All vessels move in water by moving water. Surfers generate waves while riding waves. At the start of a ride a surfer generates a forward wave called a bow wave; and an aft wave known as a trailing wake.
As a surfer picks up speed, the bow wave dissipates and only a trailing wake follows. In the next video, note the bow wave that precedes a beautiful ride by Brett Barley.
In this normal progression, a board moves seamlessly The bow pushes water out of the boards path, in the form of a bow wave. The rest of the board follows until it begins to plane. Then the bow lifts out of the water. Most bows are flat, at lower speeds the flat bow moves well. At high speeds more water must be moved or displaced, especially if a boards gets airborne. The bow becomes a landing pad, due to the angle of descent and gravity. In a late takeoff with an airborne drop, a bow wave can stop movement. A flat bow with high rocker may not move enough water out of the way, fast enough to allow movement. A speeding board can get stuck behind its own wake.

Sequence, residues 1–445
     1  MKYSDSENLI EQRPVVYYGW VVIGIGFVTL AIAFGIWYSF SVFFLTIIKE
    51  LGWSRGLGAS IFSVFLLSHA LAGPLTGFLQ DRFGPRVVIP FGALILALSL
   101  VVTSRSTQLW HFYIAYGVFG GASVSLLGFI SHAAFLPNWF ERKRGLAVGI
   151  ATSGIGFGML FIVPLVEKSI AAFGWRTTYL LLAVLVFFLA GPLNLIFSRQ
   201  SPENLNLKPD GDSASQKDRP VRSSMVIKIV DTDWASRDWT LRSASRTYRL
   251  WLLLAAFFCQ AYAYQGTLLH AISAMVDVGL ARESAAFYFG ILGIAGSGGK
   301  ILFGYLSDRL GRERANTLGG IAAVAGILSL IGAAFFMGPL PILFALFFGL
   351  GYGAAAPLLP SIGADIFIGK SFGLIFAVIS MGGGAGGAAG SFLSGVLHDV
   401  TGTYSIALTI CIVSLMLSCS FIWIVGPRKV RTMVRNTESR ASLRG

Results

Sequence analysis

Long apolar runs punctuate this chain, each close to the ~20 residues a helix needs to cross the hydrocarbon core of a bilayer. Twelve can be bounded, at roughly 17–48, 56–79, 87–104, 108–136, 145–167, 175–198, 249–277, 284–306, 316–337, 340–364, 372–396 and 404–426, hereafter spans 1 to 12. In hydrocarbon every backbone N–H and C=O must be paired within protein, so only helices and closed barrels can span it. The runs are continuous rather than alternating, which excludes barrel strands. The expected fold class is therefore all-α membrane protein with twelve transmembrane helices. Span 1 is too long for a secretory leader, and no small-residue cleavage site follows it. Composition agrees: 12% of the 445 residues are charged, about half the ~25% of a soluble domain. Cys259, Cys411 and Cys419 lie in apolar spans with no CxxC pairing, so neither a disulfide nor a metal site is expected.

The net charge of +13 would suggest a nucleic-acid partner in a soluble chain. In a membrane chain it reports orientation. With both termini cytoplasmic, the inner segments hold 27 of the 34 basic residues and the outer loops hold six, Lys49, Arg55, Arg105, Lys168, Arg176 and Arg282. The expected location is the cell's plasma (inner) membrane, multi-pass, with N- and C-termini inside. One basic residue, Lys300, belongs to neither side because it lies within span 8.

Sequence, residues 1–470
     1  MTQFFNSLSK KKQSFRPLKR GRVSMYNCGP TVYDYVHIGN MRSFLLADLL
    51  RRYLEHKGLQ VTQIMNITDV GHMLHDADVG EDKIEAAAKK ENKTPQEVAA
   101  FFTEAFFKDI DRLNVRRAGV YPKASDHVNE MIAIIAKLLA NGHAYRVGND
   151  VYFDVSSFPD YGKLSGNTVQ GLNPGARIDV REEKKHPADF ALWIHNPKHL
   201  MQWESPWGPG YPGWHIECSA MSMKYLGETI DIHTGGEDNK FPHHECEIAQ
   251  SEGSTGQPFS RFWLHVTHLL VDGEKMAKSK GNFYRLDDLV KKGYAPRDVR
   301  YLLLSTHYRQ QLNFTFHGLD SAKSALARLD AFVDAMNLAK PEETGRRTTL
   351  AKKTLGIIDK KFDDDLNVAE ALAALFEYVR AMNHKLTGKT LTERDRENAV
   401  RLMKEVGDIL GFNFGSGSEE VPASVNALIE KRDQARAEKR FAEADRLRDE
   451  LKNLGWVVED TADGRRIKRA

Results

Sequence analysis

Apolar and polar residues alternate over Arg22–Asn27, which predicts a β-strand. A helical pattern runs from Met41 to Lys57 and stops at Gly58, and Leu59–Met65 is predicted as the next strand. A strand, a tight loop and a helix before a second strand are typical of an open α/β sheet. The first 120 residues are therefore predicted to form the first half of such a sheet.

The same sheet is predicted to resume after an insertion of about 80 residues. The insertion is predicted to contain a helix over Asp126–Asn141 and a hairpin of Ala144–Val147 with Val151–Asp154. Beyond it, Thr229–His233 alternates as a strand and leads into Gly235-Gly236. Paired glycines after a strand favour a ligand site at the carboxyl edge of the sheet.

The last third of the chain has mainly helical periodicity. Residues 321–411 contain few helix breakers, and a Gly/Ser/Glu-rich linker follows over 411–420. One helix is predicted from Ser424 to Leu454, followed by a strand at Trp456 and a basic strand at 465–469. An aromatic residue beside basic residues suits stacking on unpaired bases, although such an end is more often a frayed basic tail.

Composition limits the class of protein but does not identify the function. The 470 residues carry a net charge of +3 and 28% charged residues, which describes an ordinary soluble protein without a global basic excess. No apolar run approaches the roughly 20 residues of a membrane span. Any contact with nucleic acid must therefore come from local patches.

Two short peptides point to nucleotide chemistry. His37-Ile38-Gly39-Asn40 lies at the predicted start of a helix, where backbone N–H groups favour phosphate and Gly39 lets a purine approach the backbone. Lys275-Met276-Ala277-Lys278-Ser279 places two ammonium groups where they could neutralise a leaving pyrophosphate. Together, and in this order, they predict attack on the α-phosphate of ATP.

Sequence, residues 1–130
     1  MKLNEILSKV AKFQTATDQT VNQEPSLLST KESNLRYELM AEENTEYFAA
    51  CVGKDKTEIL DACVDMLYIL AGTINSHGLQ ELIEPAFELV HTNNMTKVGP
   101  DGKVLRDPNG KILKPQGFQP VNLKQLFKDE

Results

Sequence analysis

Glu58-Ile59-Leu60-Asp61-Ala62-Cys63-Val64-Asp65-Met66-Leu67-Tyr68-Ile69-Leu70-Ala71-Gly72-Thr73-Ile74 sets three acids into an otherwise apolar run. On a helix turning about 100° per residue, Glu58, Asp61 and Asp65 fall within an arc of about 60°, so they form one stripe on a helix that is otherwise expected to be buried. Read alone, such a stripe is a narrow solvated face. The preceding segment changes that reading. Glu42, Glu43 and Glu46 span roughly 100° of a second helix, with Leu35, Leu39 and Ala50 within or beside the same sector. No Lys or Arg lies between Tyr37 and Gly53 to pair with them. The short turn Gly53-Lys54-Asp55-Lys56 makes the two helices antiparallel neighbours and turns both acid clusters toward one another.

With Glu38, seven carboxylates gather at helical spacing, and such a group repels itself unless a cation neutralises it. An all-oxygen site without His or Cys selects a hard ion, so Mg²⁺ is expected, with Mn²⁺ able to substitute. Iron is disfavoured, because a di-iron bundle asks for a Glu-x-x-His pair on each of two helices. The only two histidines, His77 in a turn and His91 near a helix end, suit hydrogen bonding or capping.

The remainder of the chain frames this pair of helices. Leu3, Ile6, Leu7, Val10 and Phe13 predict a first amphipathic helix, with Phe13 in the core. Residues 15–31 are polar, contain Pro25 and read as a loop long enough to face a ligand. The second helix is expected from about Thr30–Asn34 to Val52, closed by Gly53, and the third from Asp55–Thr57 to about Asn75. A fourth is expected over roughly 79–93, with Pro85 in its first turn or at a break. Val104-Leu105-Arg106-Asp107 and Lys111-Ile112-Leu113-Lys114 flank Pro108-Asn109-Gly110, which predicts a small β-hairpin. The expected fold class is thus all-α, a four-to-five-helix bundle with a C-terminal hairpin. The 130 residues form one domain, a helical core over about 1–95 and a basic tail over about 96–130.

Kai Lenny and Ryan Hipwood take off together at the WSL Peahi Challenge. The bow wave is indicated by the red arrow. Water displaced covers Ryan, but it is not enough
water displacement to keep the board moving.
A flat bottom pushes water forward, then around the board. Water accumulates at the bow, creating a bow wave directly in the rider's path. Note how Kai's board planes in the flatter part of the wave. Lower rocker can plane through water with less resistance. Water is diverted around Kai's board.
Kai's GoPro captures a rare picture of a bow wave under Ryan's surfboard. This bow wave abruptly stops movement, Ryan cannot remain standing. Only the board stops, Ryan continues through the air. High rocker can displace more water, if the bow is round or Vee'd like boat hulls. The ride can progress further, as water is moved out of the board's path.
Safe surfing into the new year.
Videos and pictures from Youtube. Peahi Challenge presented by WSL.